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On MULTIPLE occasions WEEKS ago, I reported on Rightway Ministries. NOW THIS!

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FROM THE NEWS HERALD IN PANAMA CITY

2018-05-11 04_28_55-Troubles mount for Right Way.png

 

Officials agencies are distancing themselves and a police investigation has been confirmed.

PANAMA CITY — Official agencies are distancing themselves from Right Way Ministries after the halfway house came under fire last month for code enforcement violations, causing other concerns to rise to the surface.

In April, the facility at 2909 E. 11th St. was deemed “unfit, unsafe,” which caused many of the residents to make other arrangements and complicated the parole of four who were court ordered there.

While the code enforcement violations have since been rectified, the event led to the Florida Department of Corrections saying offenders under their supervision are “no longer” being sent to the organization. DOC spokesman Patrick Manderfield added the placement was at the “direction of the court” and that the department had “no part” in determining offender placements.

Court Administrator Robyn Gable said the courts do not use Right Way as a referral and do not have any agreements to sever. Based on interviews, the process used to court-order people to Right Way is unclear, but seems to be mostly based on people requesting judges place them there.

It was also discovered the Bay County Sheriff’s Office has an active investigation into the facility, based on “complaints,” spokeswoman Ruth Corley said.

Director and founder of Right Way Pastor Robert Flores said he is aware his future with the courts if “up in the air,” but that the complaints are made unfounded and he is “helping people. However, half a dozen people spoke to The News Herald with complaints about Right Way, where they say the problems run much deeper than the issues with the building.

“We were taken advantage of. He built a nice, pretty picture,” said Lina Dauphin, who had her 27-year-old son court ordered into the program last year. “But he (Flores) wasn’t helping any child in that program. ... He’s not running that place properly. He’s taking advantage of families.”

Dauphin and others say people from Right Way approached them when either themselves or a loved one was about to be sent to jail on drug offenses, offering Right Way — which says it charges residents between $1,800 a month to $0, depending on need — as an alternative. Before the code enforcement violation, the facility housed around 30 people, according to Flores.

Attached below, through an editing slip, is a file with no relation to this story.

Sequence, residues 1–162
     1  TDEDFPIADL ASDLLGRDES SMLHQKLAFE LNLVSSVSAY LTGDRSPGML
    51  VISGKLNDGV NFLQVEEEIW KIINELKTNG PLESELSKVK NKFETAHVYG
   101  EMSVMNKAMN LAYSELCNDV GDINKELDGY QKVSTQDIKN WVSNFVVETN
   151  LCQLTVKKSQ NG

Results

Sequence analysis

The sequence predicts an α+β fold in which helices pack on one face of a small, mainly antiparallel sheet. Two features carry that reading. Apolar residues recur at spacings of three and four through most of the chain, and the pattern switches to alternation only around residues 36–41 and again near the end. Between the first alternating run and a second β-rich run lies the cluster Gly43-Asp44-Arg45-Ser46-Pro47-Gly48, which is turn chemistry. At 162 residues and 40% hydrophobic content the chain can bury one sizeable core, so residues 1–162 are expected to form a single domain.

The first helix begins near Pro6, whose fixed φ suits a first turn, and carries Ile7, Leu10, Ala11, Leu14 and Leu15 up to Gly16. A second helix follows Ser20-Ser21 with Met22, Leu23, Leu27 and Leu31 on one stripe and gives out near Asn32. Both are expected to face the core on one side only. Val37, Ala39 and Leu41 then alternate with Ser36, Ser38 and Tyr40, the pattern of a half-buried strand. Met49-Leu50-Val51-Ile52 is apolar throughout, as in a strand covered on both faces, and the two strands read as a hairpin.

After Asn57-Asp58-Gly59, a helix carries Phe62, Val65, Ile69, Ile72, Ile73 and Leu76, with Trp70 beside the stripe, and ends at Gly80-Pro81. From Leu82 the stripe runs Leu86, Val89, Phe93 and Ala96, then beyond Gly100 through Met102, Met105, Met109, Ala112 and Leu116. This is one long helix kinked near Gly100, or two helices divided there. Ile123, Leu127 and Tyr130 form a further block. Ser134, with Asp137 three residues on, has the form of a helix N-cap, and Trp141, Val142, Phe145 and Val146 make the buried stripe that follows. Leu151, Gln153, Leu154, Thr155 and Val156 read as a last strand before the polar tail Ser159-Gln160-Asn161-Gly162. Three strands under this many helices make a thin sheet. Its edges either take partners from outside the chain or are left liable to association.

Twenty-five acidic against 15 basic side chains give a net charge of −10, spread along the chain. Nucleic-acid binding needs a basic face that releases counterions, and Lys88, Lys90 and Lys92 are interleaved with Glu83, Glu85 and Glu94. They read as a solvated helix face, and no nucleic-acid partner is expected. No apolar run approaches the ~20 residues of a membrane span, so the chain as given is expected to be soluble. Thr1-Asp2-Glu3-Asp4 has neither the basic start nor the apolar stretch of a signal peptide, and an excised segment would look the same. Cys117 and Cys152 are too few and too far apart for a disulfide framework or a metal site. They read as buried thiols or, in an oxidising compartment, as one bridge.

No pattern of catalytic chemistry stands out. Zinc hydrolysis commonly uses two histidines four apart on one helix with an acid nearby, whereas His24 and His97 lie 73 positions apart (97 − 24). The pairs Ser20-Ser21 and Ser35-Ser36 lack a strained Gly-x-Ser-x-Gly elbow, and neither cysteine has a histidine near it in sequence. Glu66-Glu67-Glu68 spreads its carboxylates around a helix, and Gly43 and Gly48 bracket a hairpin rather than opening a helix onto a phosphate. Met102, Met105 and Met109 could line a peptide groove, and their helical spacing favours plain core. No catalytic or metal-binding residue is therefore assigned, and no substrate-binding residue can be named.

“It was kind of a last hope,” Dauphin said. “We heard some negativity but we asked the courts to put him there. ... no one wants to send their kid to jail.”

It was, she said, the wrong choice.

Kim Ovington, who’s brother attended Right Way, told a similar story about her mother being approached at court, and said her family regretted the choice. A former attendee of Right Way, who asked to remain anonymous, talked about being approached at jail.

All three as well as others interviewed said the program was not what was expected.

Problems people reported ranged from issues with the curriculum, which some said was non-existent, to accusations of medications being improperly stored and administered. Some said program attendees weren’t monitored adequately so they continued to use.

Many took issue with the price tag of the program, which covers food and board. Another frequent complaint was that Flores is not certified as an licensed addiction counselor.

The courts should “absolutely not” continue to sentence people to Right Way, said one former attendee who asked to remain anonymous. He said the program did help him “some,” but the issues in leadership are “scary.”

“It’s a shame they use Christianity and hide behind the bible,” he said.

Flores was adamant that the complaints were unfounded, and merely a reflection of unrealistic expectations or retaliation for people being asked to leave the program.

He said the money covers his costs, and none of it is pocketed, and that there is no drug use or improperly administered medications. An extensive set of cameras as well as staff monitor the property.

“The police can bring in dogs,” he said. “They can some in and drug test our students. The proof is in the pudding.”

He is not a licensed counselor, but he is not required to be under any laws. As a “reformed” addict, he feels that is more than adequate experience for his line of work. As a religious ministry, the facility also does not have to be licensed nor does the non-profit pay taxes.

Flores also was careful to say they are not a “treatment center” but a “residential program for men with life controlling substance abuse issues.”

He said even with the complaints, he stands by his work.

“They don’t see all the good that has come out of it,” Flores said. “I have no regrets. None.”

In the meantime, some program attendees, such as Kurt Franzinger, are stuck waiting to see what will happen. Franzinger was court ordered to Right Way, and won’t know how to move forward until after a court date later this month.

“It’s been real stressful,” he said. “You pick up your rucksack, get on your chopper and go.”

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Guest Concerned citizen

Smells a lot like the Panama City Rescue Mission. Shady,  shady. Also,  these programs aren't required to have their kitchens be inspected by the health department. Barf. 

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